Fire Code for First Responders

Fire Code for 1st Responders


The fire of today is not your grandmother’s fire. Furnishings today contain so much foam and other plastics that the BTU release is much greater than a fire 30-50 years ago. In addition, what hazards do newer construction products and methods present for all first responders arriving at a burning or damaged building?


How are fire codes relevant to all emergency responders?

I know I never want to take the direct route to the basement of a collapsing building. And nobody wants any first arriving police, EMS, or firefighters being seriously injured, buried alive, or killed in a building collapse.

Do you know:

  • How long various types of buildings will stay structurally sound?
  • How many minutes until the burning building begins to crumble and collapse around you?
  • what buildings don’t evacuate, a.k.a. “defend in place”?
  • the role of demising walls in buildings?
  • the concept of compartmentalization and creating multiple fire areas, essentially multiple buildings within a building?

Knowing a building’s construction, its occupancy use classification, and fire protection systems lets you know what your strategy and tactics approach should be.


From a responder strategy standpoint, you know when adding the time from alarm to time of arrival if you have 1 minute left to building collapse, or 1 hour.

For building occupants, you’ll know:

  • If you need to call a full building evacuation
  • If a partial evacuation (as high-rises and large factories are typically not fully evacuated).
  • That critically ill individuals in hospitals or nursing homes, or anaesthetized patients in 1-day surgical centers or larger dental offices, are not capable of self-evacuation
  • That jails and prisons are not evacuated

Fire codes have provisions allowing buildings with sprinkler systems and/or fire alarm systems to essentially have less safe life safety conditions (e.g. longer egress travel distances, longer dead-end corridors, increased floor area or building height, or defend in place arrangements).

Live and Learn

All firefighters should take building construction courses, or attain the knowledge through self-study. And don’t just take a class once.  Construction processes, materials, and code requirements – especially energy code mandates – continually change. Lightweight construction techniques, the use of adhesives, cellular insulations, recycled plastic composites, photovoltaic roofs, vegetated roofs, solar systems, back up battery and on-site electrical generation, will only become increasingly commonplace.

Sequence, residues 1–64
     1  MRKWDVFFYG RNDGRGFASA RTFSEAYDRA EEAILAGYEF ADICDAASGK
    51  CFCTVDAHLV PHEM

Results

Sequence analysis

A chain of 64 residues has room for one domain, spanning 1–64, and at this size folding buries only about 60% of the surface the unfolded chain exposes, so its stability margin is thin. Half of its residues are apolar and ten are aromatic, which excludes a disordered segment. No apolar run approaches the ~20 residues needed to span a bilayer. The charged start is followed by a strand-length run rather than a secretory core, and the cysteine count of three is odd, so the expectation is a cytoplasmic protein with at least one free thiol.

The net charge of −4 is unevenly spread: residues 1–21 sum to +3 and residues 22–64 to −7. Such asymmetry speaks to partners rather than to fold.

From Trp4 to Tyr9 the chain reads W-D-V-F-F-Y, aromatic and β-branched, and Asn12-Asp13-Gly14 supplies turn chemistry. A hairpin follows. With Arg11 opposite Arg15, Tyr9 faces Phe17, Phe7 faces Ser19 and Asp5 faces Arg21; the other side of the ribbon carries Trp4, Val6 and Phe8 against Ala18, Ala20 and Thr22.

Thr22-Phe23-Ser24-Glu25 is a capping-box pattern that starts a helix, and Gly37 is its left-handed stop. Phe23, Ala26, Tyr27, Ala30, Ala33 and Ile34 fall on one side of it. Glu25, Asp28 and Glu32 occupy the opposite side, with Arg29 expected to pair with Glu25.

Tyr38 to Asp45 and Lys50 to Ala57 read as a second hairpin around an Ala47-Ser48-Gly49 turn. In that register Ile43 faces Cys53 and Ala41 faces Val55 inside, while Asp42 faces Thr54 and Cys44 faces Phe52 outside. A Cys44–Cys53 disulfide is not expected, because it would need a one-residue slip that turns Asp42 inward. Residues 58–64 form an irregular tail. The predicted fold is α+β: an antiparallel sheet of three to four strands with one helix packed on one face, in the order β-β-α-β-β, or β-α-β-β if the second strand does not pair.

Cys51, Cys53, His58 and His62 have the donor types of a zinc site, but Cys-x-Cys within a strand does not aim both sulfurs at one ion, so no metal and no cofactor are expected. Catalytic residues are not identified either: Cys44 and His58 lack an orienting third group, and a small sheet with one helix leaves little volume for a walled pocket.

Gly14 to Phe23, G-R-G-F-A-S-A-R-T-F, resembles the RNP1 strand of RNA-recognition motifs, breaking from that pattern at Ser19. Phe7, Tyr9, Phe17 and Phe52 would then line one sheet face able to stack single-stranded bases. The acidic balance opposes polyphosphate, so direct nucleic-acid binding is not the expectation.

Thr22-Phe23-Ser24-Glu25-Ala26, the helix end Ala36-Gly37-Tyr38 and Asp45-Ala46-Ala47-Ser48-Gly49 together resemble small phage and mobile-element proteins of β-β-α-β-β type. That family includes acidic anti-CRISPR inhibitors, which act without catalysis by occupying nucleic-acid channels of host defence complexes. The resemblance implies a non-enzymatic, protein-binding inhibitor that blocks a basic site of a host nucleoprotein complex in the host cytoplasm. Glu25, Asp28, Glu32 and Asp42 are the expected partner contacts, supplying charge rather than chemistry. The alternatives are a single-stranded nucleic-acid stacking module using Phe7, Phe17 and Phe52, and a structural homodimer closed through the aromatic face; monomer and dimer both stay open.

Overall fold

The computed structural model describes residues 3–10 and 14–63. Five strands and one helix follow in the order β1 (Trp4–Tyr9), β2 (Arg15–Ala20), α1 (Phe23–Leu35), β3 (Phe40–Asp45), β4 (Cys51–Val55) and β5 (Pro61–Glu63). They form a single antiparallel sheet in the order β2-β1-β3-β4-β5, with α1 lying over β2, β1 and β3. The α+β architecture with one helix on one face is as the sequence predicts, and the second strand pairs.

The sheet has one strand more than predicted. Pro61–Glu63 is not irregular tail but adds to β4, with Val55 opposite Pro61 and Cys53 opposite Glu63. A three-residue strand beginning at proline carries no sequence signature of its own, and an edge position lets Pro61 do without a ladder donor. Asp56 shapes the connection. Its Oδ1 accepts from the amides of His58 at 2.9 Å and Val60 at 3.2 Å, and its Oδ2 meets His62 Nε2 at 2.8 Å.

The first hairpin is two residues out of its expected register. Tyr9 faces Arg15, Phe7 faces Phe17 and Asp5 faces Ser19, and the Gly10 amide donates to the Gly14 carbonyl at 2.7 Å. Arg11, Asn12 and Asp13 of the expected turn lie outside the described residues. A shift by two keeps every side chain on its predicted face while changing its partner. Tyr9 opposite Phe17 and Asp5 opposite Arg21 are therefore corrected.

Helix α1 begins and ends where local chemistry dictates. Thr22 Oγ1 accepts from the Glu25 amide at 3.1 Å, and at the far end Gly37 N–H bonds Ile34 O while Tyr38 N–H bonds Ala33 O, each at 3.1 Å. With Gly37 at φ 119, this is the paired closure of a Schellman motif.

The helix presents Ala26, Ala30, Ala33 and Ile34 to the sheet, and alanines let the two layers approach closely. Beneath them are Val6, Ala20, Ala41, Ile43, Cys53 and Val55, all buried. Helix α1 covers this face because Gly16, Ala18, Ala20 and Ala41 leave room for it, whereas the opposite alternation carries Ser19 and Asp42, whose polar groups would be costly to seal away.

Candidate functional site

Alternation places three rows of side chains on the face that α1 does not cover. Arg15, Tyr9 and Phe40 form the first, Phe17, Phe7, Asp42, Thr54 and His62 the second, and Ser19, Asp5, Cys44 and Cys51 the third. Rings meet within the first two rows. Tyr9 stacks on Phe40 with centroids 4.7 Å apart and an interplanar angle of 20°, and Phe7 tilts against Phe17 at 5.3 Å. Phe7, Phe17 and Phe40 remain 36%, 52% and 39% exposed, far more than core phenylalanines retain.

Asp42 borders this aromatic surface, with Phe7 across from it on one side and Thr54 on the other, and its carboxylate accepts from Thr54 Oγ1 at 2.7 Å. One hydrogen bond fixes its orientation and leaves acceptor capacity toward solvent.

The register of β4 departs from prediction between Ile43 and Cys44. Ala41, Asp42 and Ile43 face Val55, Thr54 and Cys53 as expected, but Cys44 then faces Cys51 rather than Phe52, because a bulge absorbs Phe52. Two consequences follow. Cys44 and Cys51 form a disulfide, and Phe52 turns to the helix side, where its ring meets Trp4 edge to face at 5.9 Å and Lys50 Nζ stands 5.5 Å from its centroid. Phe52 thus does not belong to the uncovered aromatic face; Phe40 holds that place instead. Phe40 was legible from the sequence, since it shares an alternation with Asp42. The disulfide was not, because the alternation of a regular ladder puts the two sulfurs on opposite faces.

It is imperative that first arriving units can provide an accurate size up describing the construction type, such as:

  • Whether truss or other lightweight construction is expected
  • If balloon frame is likely, identifying if there are demising walls (2 hour fire rating or greater compartmentalizing fire areas)
  • The number of anticipated occupants, along with furnishings and equipment contributing to fuel loads
  • Dead loads from library stacks or super-size equipment

Does your community have a system that identifies lightweight construction buildings? Some do, some don’t, but it’s a good idea to do so, especially if you don’t have the ability to regularly pre-plan.

Everyone Should Pre-Plan!

The importance of pre-planning cannot be stressed enough. Hit the streets, get to know your buildings, the processes and activities that take place within those buildings, and locations of any special hazards (forklifts with propane cylinders, industrial lead acid batteries, combustible metal grinding operations with their associated shavings and dust, are some of my favorites). How many machine shops in your community have some or all of these hazards? I’ll bet it’s more than you expect.

Meet the Business Owners

Business owners know their buildings and processes inside out, and can point out major hazards to responders as well as things you may not have considered.

You can perform tabletop or full-scale training exercises with their fire brigades, if applicable. At a large manufacturing plant you will rely on the fire brigade for special hazard information, such as how to safely turn off specialized machinery, if you can shut it down (think Fukishima nuclear reactors, or high-velocity spinning cast iron dryers that will explode if cold water touches them). They will be your tour guides to navigate acres upon acres of under-roof building. After all, we can’t be experts about every industry, but we can recognize what we don’t know.